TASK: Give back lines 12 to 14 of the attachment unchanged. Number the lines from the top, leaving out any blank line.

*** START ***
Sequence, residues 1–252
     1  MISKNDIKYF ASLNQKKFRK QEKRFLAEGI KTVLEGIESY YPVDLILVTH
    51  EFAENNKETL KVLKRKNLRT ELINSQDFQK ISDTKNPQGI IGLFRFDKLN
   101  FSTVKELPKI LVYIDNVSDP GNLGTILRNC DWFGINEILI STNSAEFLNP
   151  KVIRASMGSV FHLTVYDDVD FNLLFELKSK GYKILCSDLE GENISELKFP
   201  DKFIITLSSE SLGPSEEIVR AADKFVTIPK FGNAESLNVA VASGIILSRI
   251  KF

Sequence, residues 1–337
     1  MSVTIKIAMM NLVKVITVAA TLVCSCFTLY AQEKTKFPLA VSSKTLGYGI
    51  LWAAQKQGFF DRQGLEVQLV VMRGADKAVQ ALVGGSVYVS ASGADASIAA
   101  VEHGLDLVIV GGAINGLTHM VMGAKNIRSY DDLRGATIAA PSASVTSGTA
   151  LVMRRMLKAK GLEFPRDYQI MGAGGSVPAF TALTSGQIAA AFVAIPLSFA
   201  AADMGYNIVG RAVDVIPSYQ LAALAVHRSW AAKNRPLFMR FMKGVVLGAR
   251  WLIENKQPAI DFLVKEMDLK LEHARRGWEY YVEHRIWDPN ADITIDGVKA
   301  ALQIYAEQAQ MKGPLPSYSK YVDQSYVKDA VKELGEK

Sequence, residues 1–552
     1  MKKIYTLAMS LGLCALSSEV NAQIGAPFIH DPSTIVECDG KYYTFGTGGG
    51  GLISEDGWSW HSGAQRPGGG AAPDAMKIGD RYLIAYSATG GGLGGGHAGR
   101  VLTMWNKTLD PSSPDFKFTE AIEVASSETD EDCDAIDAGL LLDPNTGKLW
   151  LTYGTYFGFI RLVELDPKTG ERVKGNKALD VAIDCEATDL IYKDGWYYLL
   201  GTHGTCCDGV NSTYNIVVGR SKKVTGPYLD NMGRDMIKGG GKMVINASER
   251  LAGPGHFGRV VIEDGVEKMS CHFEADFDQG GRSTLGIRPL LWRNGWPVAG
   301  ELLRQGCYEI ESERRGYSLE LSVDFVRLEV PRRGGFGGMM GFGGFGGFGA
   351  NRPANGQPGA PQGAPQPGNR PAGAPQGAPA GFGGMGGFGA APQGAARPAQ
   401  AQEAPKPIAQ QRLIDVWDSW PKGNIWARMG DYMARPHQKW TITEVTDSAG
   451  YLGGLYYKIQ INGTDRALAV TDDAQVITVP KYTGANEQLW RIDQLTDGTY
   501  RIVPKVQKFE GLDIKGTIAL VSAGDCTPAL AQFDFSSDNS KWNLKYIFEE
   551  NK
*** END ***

   151  LVMRRMLKAK GLEFPRDYQI MGAGGSVPAF TALTSGQIAA AFVAIPLSFA
   201  AADMGYNIVG RAVDVIPSYQ LAALAVHRSW AAKNRPLFMR FMKGVVLGAR
   251  WLIENKQPAI DFLVKEMDLK LEHARRGWEY YVEHRIWDPN ADITIDGVKA